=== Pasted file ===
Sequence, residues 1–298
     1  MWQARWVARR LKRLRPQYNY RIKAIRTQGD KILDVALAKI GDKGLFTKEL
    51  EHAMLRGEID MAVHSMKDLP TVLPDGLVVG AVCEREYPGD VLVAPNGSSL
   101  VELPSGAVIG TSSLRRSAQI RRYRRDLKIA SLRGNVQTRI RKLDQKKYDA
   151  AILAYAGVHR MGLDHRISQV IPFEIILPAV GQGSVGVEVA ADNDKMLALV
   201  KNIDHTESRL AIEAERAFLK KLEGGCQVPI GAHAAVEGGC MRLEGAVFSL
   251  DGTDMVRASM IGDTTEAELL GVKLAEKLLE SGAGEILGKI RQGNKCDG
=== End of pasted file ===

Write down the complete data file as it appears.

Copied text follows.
Sequence, residues 1–298
     1  MWQARWVARR LKRLRPQYNY RIKAIRTQGD KILDVALAKI GDKGLFTKEL
    51  EHAMLRGEID MAVHSMKDLP TVLPDGLVVG AVCEREYPGD VLVAPNGSSL
   101  VELPSGAVIG TSSLRRSAQI RRYRRDLKIA SLRGNVQTRI RKLDQKKYDA
   151  AILAYAGVHR MGLDHRISQV IPFEIILPAV GQGSVGVEVA ADNDKMLALV
   201  KNIDHTESRL AIEAERAFLK KLEGGCQVPI GAHAAVEGGC MRLEGAVFSL
   251  DGTDMVRASM IGDTTEAELL GVKLAEKLLE SGAGEILGKI RQGNKCDG